French, German Leaders Give Putin Way Out in Ukraine

For the European powers, Ukrainian pride is a price worth paying to keep Russian aggression at bay.

French and German leaders compelled Ukraine on Friday to hold elections in its eastern border regions that are controlled by Russian-backed separatists, potentially giving President Vladimir Putin a way out of a conflict that has triggered the worst crisis in East-West relations since the end of the Cold War.

The agreement, brokered by French president François Hollande and German chancellor Angela Merkel, comes in spite of previous insistences from Ukraine’s Petro Poroshenko that Russia ought to withdraw its support from the separatists first before local elections could be called.

After a one-day summit between the four leaders in Paris, Poroshenko told reporters he felt “cautious optimism” about the deal. But Bloomberg’s Leonid Bershidsky points out that the Ukrainian president made significant concessions.

First, he is to consult with Russia on a special election law for Donetsk and Luhansk, the two rebel regions in the Donbas, and then try to get a hostile Kiev parliament to enact them.

Poroshenko has had trouble getting the legislature even to approve a tame constitutional amendment allowing for a special status of the rebel-held regions; riots broke out outside the parliament building during the vote and police suffered casualties. Trying to sell election rules favorable to Moscow might mean the breakup of Ukraine’s ruling coalition and perhaps snap elections likely to produce a parliament less favorable to Poroshenko.

Second, Poroshenko would need to amnesty the separatist leaders so they can run in local elections — another tall order for the Ukrainian nationalists in the Kiev government.

Only after the elections are held would Ukraine regain control of its border with Russia. Hollande admitted that it is unlikely to happen this year already.

The agreement puts the ball in Kiev’s court and would seem to give Putin a win either way. If separatists sympathetic to him win the elections in the Donbas, the Russian leader would retain a foothold in the former Soviet republic. If, on the other hand, Poroshenko doesn’t hold up his end of the bargain, a “frozen conflict” on Russia’s frontier would still likely prevent Ukraine from joining Western institutions like the European Union and NATO — which is why Russia propped up the separatist insurgency in the Donbas in the first place.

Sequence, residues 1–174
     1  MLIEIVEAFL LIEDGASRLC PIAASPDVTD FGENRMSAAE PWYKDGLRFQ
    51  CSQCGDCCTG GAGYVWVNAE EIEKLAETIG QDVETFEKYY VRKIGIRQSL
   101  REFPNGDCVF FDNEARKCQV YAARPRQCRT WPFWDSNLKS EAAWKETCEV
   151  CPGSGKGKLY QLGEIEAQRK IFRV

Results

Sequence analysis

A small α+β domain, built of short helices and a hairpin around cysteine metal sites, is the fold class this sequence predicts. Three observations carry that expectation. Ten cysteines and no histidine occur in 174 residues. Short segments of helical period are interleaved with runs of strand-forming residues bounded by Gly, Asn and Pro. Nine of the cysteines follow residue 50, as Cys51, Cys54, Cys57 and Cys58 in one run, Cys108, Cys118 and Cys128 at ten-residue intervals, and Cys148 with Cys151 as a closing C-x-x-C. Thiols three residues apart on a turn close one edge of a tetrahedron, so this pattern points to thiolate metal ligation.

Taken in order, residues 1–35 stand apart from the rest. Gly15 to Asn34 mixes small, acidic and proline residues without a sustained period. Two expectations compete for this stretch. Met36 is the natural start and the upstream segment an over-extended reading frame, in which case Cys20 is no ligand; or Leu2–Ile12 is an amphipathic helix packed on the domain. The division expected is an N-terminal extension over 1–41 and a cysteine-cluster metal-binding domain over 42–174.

Mark Galeotti, a New York University professor and Wikistrat analyst, argues at his blog that this may be the best possible deal that can be done at the moment. Short of reconquering the Donbas — which Ukraine has failed to do in the last year — leaders in Kiev must recognize that the region will be dominated, at least for one political generation, by local oligarchs and the remnants of local strongmen, he writes.

But Galeotti also cautions that this arrangement may prove untenable in the long term. Regaining control of the border, ejecting Russian forces and reestablishing Kiev’s authority in the rebel provinces are all prerequisites for rebuilding the Ukrainian nation.

For France and Germany, which have imposed economic sanctions on Russia for its military adventurism in Ukraine, the priority is not Ukrainian nationbuilding. It is to walk Europe back from the brink of a standoff with Russia. If the price is Ukraine’s pride, they will pay it.

Putin can neither seize the Donbas outright without potentially losing control of the situation nor can he afford to pull out without having something to show for it. He has staked his foreign policy on protecting the interests of “brotherly” Russian peoples abroad, like the inhabitants of the Donbas. The Paris agreement could give him a way out.